Castles are one of those things that capture our imagination and curiosity.  I have yet to find someone that isn’t at least a little fascinated by them – the permanence of the construction materials, the majestic designs, the real and imagined lifestyles of the inhabitants.  Surprisingly, there are quite a few castles in our area and one of them is in Danbury, just over the Connecticut border.

Called Hearthstone Castle, it was built around 1899 by E. Starr Sanford.  It is made from granite fieldstone mined from the surrounding property.  In 1923, the president of American Hatters and Furriers Co., Charles Darling Parks, bought the property.  Mr. Parks also ran a large dairy farm and at one time served as the director of the organization that ran the Danbury Fair.  The castle has been uninhabited since the mid 1980s.

Hearthstone Castle sits within the boundaries of Tarrywile Park.  At 722 acres, Tarrywile is a huge park with 21 miles of trials, two ponds and a lake, gardens, a gazebo, a barn, a greenhouse, the Tarrywile Mansion – and of course, the castle.  I first visited the park last year for a Winter Festival, and I am hoping there will be one again this year.  Tarrywile is large enough that I am confident it will be the setting for future articles.

To get to the Hearthstone Castle, take Route 84 into Connecticut.  Take exit 3 to Route 7 south toward Norwalk.  Stay to the right and take the very first exit toward Park Avenue and the Danbury Fair Mall.  At the end of the ramp, turn right onto Backus Ave. and go under Route 7.  Backus will turn into Park Ave.  After about .60 miles, make a right onto West Wooster Street and go .1 miles.  Make a right onto Wooster Heights Road and go .20 miles.  Turn left onto Southern Blvd. and go .60 miles.  Turn right to stay on Southern Blvd.  About 100 yards in, the park entrance will be on your right.  There is a parking area to the right as you pull in, but I prefer to take the single lane road up to the left and past the mansion where there is another parking area on top of the hill.  Park your vehicle and continue to follow the road on foot.  It will curve left and downhill to the exit at Brushy Hill Lane.  There will be a trail directly across the street.  Carefully cross the road and follow the trail past the gate and up the hill.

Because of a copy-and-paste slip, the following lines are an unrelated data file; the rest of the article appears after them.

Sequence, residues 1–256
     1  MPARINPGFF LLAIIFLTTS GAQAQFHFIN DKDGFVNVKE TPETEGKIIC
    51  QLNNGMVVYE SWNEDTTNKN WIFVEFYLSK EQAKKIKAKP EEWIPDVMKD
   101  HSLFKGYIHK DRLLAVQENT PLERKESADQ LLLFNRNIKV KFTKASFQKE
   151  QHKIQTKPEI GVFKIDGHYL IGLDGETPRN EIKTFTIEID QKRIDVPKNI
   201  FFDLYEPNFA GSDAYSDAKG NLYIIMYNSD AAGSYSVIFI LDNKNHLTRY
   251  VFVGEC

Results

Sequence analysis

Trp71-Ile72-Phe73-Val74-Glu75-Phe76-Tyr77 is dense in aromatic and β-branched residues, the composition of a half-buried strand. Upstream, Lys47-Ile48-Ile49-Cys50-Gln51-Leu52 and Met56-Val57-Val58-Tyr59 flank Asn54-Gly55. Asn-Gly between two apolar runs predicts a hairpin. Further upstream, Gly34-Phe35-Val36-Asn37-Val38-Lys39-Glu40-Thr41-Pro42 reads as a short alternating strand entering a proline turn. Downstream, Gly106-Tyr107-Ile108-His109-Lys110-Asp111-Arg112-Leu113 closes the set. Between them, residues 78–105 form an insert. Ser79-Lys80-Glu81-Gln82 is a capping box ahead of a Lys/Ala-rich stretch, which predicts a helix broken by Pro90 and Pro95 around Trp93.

It is only a 5 or 10-minute walk up the hill to get to the castle.  It is a moderate incline and can be a little slippery this time of year from the snow and ice.  As you come around a bend towards the top of the hill, you will see the castle.  It looks a little spooky with overgrown vines, ‘do not enter’ signs, and a chain-link fence surrounding it.

You can’t go inside the castle, however, you can walk all the way around it.  Along the back, you will be walking along the top of a stone wall.  The chain-link fence will be on one side, and a 10 to 15 foot drop will be on the other.

Two or three additional structures sit a little uphill from the castle, including an old water tower.  There is an information kiosk in front of the castle.

I have visited Hearthstone Castle a few times.  It seems to be a popular local destination, and there is quite a bit of folklore about it. On my original visit, I spoke to someone that insisted the castle could be purchased for $1, with the stipulation that $12 million of renovations be done and it be opened to the public as a bed and breakfast.  I have yet to confirm or disprove his story.  On my most recent visit, I managed to lock my keys in my car.  When roadside assistance arrived, the technician was more than happy to share his stories about the castle being haunted.

90 minutes will give you enough time to park, hike up the hill and see the castle and surrounding structures, and return to the car.  Considering the size of Tarrywile, you could also make the visit to the castle just one part of a whole day’s visit to the park.

Hearthstone Castle and Tarrywile Park are owned by the City of Danbury.  For more info about the castle and the park, visit